Drowning In Waves
August 13, 2008 5:47 PM   Subscribe

How densely is the air in populated places packed with invisible waves? How harmful is all that?

So this question on AskMe, about places where you can't get a radio signal, got me thinking.

On the other end of the scale, say a city of 100,000 or more, how dense is the air with invisible manmade waves? Of course it would depend on exactly how big the population was, and how much wave-transmitting devices were in use there, but I can't help but imagine I'm cutting a path through a wall of micro-, sound- and other waves every time I walk around town.

Between analog and satelite radio and TV, cell phones, wireless computer signals, and all the rest, jeez, that's gotta be a lot of tiny waves. Are there any study results or theories (preferably geared toward the layperson) that discuss the harm all this invisible "pollution" might be doing to humans or other species? Could this sort of thing be part of the big bee disappearances, screwy bird migrations, etc.? What are some vocabulary words I need to know to even do a search on this sort of thing ("transmission pollution?")?

Not paranoid-- just curious.
posted by Rykey to Science & Nature (13 answers total) 4 users marked this as a favorite
Very, and not at all.

(Just as a point of physics, electromagnetic waves don't have mass so using density is not the right word.)
posted by gjc at 5:54 PM on August 13, 2008

What are some vocabulary words I need to know to even do a search on this sort of thing ("transmission pollution?")?

Radio waves and microwaves (which are used by radio, TV, cell phones, and wifi) are all part of the electromagnetic spectrum and are called "electromagnetic waves". So the phrase you'd want to look for is "electromagnetic pollution".

However, Googling this term leads to lots of websites of questionable scientific merit, e.g.:

Using an electric iron or an electric keyboard or working with handheld power tools can quickly drain our energies. When working with electric equipment we can reduce harmful effects by holding our hands under running water from time to time in addition to having a shower in the evening or walking barefoot on grass.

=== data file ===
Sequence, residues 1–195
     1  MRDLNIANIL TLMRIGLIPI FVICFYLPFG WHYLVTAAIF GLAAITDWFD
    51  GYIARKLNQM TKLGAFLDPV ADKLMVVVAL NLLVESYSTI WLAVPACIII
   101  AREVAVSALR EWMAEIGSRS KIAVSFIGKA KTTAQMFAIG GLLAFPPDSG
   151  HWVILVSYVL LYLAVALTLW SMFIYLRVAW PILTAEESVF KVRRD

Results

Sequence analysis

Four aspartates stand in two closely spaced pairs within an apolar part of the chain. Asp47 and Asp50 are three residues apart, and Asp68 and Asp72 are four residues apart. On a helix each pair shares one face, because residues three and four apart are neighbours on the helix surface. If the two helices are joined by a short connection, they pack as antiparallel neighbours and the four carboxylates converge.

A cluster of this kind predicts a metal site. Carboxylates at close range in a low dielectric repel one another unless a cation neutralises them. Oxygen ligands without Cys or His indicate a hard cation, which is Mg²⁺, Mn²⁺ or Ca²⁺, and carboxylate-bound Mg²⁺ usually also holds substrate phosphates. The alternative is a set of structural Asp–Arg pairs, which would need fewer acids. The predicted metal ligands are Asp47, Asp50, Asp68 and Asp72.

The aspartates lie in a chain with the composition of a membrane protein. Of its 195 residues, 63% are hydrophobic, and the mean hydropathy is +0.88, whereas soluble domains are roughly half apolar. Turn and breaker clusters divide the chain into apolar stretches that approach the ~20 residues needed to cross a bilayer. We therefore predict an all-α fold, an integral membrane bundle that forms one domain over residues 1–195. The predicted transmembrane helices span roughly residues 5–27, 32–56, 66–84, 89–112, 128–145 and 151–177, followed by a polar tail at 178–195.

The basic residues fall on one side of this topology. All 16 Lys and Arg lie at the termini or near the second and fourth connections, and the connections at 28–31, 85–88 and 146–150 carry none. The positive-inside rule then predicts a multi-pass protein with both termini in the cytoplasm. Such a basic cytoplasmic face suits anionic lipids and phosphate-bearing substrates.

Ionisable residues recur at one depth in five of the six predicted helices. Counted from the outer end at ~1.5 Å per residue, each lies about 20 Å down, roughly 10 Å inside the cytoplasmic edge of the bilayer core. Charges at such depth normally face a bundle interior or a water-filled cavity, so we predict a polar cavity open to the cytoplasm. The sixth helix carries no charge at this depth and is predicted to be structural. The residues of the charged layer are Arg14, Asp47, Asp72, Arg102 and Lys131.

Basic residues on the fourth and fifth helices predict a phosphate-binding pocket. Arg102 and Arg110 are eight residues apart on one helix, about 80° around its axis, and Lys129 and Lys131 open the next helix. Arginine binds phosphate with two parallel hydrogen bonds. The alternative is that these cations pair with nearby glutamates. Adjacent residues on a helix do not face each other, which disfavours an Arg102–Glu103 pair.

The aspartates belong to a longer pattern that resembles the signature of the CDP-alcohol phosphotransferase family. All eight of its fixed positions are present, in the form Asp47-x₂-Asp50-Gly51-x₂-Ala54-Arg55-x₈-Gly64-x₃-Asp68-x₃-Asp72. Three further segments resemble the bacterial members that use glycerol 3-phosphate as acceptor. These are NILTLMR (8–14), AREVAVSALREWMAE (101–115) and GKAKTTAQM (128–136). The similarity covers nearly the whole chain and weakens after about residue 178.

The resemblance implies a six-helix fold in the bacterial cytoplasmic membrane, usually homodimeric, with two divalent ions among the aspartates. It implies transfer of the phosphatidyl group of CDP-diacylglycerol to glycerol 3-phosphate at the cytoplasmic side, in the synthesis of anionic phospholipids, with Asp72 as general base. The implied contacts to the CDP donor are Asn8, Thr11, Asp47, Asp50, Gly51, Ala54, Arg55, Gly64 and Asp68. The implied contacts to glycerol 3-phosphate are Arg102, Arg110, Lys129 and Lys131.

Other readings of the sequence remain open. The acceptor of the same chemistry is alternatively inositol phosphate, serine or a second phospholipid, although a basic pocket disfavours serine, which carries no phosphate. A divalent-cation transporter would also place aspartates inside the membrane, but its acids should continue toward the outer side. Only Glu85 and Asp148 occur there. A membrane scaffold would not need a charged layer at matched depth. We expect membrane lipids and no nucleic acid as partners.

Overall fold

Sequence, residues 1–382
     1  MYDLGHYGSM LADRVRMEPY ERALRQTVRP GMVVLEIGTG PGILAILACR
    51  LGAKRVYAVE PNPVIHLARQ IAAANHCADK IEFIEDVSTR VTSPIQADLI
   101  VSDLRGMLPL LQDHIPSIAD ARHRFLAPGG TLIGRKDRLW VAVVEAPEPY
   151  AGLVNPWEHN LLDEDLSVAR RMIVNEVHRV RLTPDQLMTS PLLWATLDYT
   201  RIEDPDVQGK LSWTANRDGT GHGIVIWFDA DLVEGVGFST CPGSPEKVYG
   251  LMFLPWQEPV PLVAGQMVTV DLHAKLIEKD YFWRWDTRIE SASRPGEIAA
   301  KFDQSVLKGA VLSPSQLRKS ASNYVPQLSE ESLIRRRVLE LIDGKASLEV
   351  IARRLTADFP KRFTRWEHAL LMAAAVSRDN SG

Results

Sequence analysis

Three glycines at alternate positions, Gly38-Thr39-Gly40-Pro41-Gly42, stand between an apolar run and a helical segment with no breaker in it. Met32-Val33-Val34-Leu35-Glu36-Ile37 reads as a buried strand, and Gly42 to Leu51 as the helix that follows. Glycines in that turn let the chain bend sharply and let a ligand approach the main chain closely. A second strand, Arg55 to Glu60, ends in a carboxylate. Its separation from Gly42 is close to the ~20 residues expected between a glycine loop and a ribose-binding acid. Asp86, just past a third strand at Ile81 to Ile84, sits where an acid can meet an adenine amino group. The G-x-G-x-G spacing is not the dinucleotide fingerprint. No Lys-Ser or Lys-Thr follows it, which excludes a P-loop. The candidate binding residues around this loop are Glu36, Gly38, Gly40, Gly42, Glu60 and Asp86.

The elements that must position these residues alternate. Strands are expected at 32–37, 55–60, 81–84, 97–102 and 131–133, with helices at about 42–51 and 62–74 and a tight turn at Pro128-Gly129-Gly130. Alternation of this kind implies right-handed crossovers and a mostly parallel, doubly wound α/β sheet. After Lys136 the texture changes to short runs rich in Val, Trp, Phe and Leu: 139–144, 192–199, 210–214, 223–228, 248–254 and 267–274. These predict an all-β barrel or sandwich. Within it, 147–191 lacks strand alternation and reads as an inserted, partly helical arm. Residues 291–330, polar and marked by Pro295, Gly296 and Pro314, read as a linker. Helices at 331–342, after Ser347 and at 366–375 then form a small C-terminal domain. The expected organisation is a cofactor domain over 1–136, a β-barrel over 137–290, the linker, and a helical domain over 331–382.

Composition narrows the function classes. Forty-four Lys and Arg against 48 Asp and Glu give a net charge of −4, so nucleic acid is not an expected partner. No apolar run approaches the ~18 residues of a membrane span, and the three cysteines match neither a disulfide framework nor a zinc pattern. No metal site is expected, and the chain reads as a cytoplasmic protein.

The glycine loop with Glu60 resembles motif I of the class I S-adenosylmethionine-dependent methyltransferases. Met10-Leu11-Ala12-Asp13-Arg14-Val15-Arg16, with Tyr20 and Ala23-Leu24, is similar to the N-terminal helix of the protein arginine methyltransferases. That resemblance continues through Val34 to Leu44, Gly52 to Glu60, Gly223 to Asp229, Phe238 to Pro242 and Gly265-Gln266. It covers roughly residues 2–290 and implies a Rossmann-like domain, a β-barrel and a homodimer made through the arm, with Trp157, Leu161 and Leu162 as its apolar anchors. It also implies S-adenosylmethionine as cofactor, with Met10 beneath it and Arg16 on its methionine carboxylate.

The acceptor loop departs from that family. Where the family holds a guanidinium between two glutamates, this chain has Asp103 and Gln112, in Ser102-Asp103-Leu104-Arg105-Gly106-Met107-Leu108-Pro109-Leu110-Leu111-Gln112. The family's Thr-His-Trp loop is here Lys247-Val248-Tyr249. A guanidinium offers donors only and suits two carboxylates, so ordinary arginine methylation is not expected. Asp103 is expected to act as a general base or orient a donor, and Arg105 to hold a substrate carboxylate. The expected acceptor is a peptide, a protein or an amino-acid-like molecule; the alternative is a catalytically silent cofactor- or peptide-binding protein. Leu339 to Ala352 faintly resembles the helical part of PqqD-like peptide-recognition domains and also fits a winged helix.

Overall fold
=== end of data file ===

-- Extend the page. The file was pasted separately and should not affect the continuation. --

I guess washing your hands cleans off the electromagnetic waves? So yeah, be critical of these sites.
posted by EndsOfInvention at 6:10 PM on August 13, 2008

density is not the right word

don't be silly, of course it is!
posted by sergeant sandwich at 6:17 PM on August 13, 2008 [1 favorite]

There's lots of them, because there are so many sources, but they don't harm you at all because they're so weak. Just you stay away from a powerful broadcasting antenna (tv, radio) or the radar at the airport. That's where the waves are strong.
posted by exphysicist345 at 6:19 PM on August 13, 2008

fwiw, the search term you'll want to use is "non-ionizing radiation" if you're talking about electromagnetic waves. (the health effects of ionizing radiation are pretty well understood.)

there have been a lot of studies done, see for instance here, but the problem is that different frequencies do different things to tissues, so there's no one answer.

as far as effects on wildlife - there is some information here on the effects on migratory birds.
posted by sergeant sandwich at 6:29 PM on August 13, 2008

I guess washing your hands cleans off the electromagnetic waves? So yeah, be critical of these sites.

Agreed... a red flag would be seeing products for sale on said site.
posted by crapmatic at 6:41 PM on August 13, 2008

How densely is the air in populated places packed with invisible waves?

It's a little difficult to answer this in a meaningful manner, but assuming you're talking about the power density in the electromagnetic spectrum, the vast majority will be natural. The power density, or intensity, of electromagnetic waves can be mesured as power per unit of area (e.g. in watts per square meter (W/m2)).

At the Earth's surface the intensity of Solar electromagnetic radiation is approximately 1000 W/m2, almost all of this in the visible portion of the electromagnetic spectrum. Similarly, at the Earth's surface the intensity of Earth-emitted electromagnetic radiation is approximately 300 W/m2, almost exclusively in the infrared portion of the electromagnetic spectrum. For comparison, in the immediate vicinity of a radio or cell-phone tower the intensity of the man-made electromagnetic radiation will be less than 0.1 W/m2.

How harmful is all that?

The World Health Organization has a pretty comprehensive overview, intended for the layman, describing what electromagnetic fields are, their impact on health, as well as the current exposure standards and recommended precautions. You can find it here.